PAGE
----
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Law enforcement officers are trained to think on their feet in extremely stressful situations, including life-threatening ones. How well they respond to that training, and how well that training prepares them for real-life contingencies, helps to determine how they will respond when confronted with an actual life and death situation.
Police officers are trained to remove their sidearms from their holsters only when they determine a threat to themselves or to others exists that may warrant the discharge of those weapons. Failure to use proper judgement in circumstances when lethal force may be required will result in a departmental investigation into the officer's conduct, suspension with or without pay depending upon the circumstances, and possible criminal charges should the investigation conclude that the officer fired inappropriately. In addition, the victim (if he or she survives the shooting) or the victim's family (if he or she dies as a result of the shooting) may be liable for civil penalties. In other words, the officer can be sued by the victim or by his surviving family.
Increasingly, officers in vehicular pursuit of a fleeing suspect (i.e., a car chase) are under pressure to resist the temptation to continue the pursuit out of fear that innocent civilians will be hurt or killed in an ensuing accident. If a fleeing suspect strikes another motorist and kills that person while a police car is in pursuit, the officer will be questioned by his or her department regarding the officer's judgement. If the risk to civilians exceeds the potential benefits of continuing to chase a suspect, then the officer is expected to break off the chase.
Police officers are answerable to their commanding officers, to internal affairs divisions, to "shooting incident" investigations, and to the public at large. They know that one wrong move can lead to suspension, dismissal from the force, prosecution for criminal negligence, or a civil lawsuit brought by a suspect or victim.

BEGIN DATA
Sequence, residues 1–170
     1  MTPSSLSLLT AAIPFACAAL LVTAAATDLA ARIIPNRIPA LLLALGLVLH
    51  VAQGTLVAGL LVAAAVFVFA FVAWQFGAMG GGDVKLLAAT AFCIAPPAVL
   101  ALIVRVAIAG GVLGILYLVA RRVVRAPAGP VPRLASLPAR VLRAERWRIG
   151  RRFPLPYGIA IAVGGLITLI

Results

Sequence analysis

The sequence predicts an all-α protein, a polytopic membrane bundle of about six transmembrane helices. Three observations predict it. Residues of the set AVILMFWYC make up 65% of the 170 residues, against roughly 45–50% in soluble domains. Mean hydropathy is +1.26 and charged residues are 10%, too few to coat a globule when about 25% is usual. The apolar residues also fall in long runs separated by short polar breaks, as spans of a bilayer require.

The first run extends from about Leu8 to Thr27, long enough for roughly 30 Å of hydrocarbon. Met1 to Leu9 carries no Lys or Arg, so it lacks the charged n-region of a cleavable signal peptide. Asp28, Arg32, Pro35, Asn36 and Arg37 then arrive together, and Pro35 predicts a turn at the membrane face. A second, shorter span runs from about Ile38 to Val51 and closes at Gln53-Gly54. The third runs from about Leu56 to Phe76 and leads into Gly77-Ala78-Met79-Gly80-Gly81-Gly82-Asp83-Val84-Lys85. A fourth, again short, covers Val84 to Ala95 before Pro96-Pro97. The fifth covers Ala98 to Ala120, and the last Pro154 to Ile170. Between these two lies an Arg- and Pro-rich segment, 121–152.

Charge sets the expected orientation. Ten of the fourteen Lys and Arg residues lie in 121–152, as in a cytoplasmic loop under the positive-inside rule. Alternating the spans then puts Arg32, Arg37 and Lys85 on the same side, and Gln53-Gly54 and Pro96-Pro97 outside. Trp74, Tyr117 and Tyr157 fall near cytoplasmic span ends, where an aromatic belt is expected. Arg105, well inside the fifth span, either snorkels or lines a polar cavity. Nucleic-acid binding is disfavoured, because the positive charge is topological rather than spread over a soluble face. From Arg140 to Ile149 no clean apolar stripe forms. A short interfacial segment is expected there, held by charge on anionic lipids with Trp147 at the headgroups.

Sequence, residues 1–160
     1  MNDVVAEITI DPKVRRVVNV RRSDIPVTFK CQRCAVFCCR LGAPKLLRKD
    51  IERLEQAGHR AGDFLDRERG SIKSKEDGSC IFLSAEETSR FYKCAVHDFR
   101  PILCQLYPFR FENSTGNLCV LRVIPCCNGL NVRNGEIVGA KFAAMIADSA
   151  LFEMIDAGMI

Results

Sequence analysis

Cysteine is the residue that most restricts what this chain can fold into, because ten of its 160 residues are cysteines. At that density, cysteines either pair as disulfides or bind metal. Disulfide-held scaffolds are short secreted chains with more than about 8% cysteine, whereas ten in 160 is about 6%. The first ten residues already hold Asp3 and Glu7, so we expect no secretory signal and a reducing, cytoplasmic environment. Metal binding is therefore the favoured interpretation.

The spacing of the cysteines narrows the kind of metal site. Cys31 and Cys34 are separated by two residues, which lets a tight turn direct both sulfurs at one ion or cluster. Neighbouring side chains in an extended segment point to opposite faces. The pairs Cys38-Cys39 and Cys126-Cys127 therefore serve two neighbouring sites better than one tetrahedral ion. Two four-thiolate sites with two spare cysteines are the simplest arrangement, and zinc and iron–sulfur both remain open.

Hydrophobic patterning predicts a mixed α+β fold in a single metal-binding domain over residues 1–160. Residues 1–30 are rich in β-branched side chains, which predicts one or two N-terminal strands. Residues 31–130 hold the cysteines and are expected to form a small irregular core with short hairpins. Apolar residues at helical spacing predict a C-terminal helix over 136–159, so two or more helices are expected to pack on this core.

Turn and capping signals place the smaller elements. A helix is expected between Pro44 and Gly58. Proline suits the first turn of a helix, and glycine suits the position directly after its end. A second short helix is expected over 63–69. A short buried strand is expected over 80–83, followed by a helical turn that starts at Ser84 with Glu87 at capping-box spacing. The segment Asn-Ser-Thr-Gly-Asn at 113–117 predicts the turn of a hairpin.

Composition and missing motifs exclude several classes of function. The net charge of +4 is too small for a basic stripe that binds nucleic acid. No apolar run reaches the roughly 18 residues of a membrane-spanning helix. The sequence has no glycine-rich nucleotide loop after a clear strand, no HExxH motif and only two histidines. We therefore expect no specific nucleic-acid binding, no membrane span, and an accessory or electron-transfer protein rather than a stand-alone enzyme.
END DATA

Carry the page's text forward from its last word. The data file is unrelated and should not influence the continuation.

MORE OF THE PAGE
The ramifications of this decision are that an officer who makes the wrong decision may well get him or herself into a great deal of trouble.
Let us imagine a scenario in which an officer is in hot pursuit of a suspect. The officer must decide, for example, whether to shoot at the suspect. If the officer does not choose to shoot, they can get into trouble. For example, imagine what happens if the suspect escapes and then goes on to murder someone an hour later. In such a case, the police officer would surely come under a great deal of criticism for lacking aggressiveness and thereby allowing the negative result to occur.
But then imagine what happens if the officer shoots. First, think of what happens if the officer misses and hits a bystander. The officer will surely be subjected to a great deal of scrutiny for making the decision to shoot in a case where innocent people could be hurt. The officer could also get in some trouble if they shoot and hit the suspect. This will depend very much on the circumstances of the chase.
One way or another, the officer’s decisions in this kind of a situation will have ramifications because officers are held accountable for their actions.
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